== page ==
October 18, 2006 | By: Terri McLean
LEXINGTON, KY.

Thanks to a frost-free spring, above normal rainfall and cooler temperatures in August and September, Kentucky growers have a bumper crop of high-quality apples this year, said John Strang, horticulture specialist with the University of Kentucky College of Agriculture.

“We’ve got a 100-percent crop or better of a normal apple crop,” Strang said. “With the rainfall we’ve had, they have sized up really well. And with the cool temperatures, this is the best color I’ve seen in a long time.”

There are between 1,000 and 1,500 acres of apples throughout Kentucky, Strang said. The state’s growers are known for producing premium tasting apples because they allow the apples to ripen on the trees and because most do not irrigate their fruit, which can dilute flavor components. 

“I will admit that it is harder to grow the perfect-looking apple in Kentucky,” Strang said. “Our high humidity contributes to fruit russeting (rough skin appearance), and our higher summer and fall temperatures usually reduce red coloration. But on the other hand, what are you after? An apple that looks good in a fruit bowl or one that snaps when you bite into it, explodes with juice, has an outstanding flavor and makes you feel like you can’t wait to take another bite?”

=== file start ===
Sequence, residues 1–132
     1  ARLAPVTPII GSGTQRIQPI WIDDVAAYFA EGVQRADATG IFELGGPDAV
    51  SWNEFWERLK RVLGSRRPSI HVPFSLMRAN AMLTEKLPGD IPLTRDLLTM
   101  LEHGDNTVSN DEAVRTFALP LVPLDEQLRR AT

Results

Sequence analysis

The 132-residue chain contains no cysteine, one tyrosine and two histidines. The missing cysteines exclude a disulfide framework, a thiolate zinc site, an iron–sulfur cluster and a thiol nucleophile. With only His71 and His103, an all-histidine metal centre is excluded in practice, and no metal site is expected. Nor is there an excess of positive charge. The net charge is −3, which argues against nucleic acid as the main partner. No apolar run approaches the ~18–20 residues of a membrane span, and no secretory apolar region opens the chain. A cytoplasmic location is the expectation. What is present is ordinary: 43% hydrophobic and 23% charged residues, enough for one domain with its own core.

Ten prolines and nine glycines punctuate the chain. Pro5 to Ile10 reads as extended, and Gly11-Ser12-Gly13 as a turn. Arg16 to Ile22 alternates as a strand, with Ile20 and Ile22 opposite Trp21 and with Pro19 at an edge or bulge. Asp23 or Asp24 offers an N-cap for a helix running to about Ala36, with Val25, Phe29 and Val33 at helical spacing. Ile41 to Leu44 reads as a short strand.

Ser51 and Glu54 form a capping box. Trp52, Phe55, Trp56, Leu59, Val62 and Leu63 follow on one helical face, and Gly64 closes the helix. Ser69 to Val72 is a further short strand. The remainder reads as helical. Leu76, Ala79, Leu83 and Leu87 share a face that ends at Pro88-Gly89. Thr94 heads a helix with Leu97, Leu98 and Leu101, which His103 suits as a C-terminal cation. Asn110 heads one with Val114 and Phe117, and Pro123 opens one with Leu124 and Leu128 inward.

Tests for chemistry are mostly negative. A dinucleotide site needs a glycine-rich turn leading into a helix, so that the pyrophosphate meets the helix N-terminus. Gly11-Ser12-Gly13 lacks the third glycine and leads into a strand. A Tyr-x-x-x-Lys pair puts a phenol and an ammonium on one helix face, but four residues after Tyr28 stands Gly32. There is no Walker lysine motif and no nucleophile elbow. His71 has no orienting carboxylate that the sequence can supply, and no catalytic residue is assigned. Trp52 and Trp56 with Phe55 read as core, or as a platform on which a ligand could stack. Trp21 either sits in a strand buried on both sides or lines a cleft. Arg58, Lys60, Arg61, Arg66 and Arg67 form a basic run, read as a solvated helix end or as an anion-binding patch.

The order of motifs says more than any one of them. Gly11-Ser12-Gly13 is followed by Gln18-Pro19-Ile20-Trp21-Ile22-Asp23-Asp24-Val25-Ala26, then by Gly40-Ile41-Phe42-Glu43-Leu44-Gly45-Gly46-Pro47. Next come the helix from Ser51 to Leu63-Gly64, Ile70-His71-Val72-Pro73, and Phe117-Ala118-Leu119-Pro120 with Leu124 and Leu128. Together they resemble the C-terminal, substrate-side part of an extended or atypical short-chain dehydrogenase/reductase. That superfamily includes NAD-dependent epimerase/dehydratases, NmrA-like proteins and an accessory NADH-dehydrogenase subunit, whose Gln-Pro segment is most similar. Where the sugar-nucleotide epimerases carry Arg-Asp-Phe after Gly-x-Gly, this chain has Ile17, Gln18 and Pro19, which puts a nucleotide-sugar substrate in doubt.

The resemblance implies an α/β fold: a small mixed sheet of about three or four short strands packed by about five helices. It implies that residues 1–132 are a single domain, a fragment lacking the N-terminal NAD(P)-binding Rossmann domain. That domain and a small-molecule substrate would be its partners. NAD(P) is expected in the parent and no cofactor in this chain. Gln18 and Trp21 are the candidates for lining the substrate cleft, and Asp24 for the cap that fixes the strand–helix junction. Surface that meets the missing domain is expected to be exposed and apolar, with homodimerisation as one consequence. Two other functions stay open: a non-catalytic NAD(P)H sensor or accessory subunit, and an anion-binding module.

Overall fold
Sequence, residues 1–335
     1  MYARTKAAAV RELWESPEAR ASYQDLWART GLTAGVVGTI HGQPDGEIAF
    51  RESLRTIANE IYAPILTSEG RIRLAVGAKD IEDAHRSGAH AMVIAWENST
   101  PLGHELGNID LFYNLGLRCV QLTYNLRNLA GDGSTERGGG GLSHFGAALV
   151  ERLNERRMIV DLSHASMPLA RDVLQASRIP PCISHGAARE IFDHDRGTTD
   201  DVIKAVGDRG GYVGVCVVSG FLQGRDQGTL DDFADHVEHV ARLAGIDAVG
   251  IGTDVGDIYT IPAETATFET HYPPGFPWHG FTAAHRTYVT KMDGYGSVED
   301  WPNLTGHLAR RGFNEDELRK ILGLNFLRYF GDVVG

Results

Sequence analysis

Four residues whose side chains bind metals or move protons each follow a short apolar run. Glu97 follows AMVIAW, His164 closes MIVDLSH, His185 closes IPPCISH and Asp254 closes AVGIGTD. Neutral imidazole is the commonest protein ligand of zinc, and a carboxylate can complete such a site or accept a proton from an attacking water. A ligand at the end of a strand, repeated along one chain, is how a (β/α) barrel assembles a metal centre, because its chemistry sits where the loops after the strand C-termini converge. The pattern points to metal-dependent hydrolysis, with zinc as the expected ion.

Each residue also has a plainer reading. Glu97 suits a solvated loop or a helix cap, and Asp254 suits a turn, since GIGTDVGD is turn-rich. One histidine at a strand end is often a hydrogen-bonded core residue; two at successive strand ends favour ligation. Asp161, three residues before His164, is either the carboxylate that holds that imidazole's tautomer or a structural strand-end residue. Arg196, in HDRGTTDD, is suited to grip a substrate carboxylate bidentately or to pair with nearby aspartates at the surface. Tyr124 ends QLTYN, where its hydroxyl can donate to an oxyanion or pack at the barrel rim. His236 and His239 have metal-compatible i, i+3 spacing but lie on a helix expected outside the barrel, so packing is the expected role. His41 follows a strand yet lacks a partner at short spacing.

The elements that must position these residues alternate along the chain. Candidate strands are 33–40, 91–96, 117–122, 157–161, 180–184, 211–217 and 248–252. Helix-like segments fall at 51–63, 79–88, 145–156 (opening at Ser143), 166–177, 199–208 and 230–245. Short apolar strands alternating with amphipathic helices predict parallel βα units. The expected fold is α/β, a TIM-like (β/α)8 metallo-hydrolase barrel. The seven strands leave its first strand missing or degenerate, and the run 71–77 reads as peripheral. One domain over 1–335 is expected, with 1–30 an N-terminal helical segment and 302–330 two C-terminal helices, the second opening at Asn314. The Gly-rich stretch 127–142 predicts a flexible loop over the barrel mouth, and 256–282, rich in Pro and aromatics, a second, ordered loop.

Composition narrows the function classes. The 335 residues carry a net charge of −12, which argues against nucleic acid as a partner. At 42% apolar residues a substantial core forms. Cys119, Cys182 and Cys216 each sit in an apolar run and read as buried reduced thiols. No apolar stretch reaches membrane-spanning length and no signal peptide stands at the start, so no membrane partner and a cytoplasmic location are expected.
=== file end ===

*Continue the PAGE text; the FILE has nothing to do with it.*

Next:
Kentucky’s apple producers grow several varieties, including such consumer favorites as Red Delicious, Golden Delicious, Jonathan, Rome and Fuji. But they also produce many varieties that consumers won’t typically find in the supermarket. They include Honeycrisp, a new variety that is juicy and crispy, and GoldRush, a tart, firm apple that sweetens up in storage.

“Kentucky apple growers produce varieties that fill the whole spectrum of taste preferences,” Strang said.

A majority of Kentucky’s apple crop is sold at the retail level, such as at farm stands and other farmers’ markets. Unlike in Michigan, New York and Pacific Northwest states, growers here do very little wholesale production. Local Cooperative Extension Service offices will know of local apple growers in their area.

Prices for Kentucky-grown apples by the peck or bushel are “reasonable,” Strang said, especially when compared to prices consumers pay at the supermarket. 

“Most consumers don’t purchase apples by the bushel any more, and they cringe when they see a grower ask $25 a bushel,” he said. “This seems high to most consumers because they purchase apples by the pound. Well, there are 42 pounds in a bushel, and apples at 98 cents per pound in the supermarket are $41 per bushel. At $1.69 per pound they are almost $71 per bushel.”

“If you want some good apples, now’s the time to get some and put them away for the winter,” Strang added.

Contact: 

John Strang, 859-257-5685